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Tue Sep 08, 2020 11:17 pm

Wouldn't it be easier to get a piece of iron from a scrapyard? Thoroughly cleaned of course. Or go to a thriftshop, I'm sure there'll be pieces of old cast iron around.
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StoneLadle
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Tue Sep 08, 2020 11:42 pm

Bok wrote:
Tue Sep 08, 2020 11:17 pm
Wouldn't it be easier to get a piece of iron from a scrapyard? Thoroughly cleaned of course. Or go to a thriftshop, I'm sure there'll be pieces of old cast iron around.
:D :D :D

maybe the Japanese one is Tamahagone... Samurai iron for samurai steel for samurai swords... slicing up people also adds iron by way of blood to the steel....
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debunix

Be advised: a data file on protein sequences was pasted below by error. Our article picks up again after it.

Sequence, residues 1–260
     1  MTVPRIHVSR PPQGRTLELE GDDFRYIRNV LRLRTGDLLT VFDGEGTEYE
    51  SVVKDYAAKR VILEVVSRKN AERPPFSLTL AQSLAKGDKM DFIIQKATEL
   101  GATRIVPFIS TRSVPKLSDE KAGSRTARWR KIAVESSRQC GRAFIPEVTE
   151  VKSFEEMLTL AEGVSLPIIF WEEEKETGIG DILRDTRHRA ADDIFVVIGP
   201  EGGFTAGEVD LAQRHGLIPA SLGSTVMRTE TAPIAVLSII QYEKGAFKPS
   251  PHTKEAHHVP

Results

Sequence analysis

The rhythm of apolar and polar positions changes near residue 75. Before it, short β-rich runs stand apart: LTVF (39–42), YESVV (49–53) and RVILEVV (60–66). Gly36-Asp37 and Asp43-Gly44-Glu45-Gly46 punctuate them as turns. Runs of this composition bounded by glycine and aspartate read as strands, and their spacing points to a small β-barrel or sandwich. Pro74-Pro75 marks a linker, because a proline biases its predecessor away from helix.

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Wed Sep 09, 2020 12:19 am

There are other options for similar items besides Amazon:
https://luckyironfish.com/

vs a scrapyard, this is designed for food so no worries about other metal contamination

vs breaking up some old cast iron....not such a bad idea. But I'm still wondering about the rust issue. Something like this might be better used in my water pitcher than in the teapot itself.
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Bok
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Wed Sep 09, 2020 12:31 am

@powersnacks Apart from the rust, if you enjoy the added value of iron to your water, I would on the other hand want to avoid the flavour contamination of a plastic water kettle :mrgreen:

Could it be that the rust is from the egg and attaches itself to the stainless? I'd also be concerned if the boiling egg would damage the heating elements when "bubbling" around in there.
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Balthazar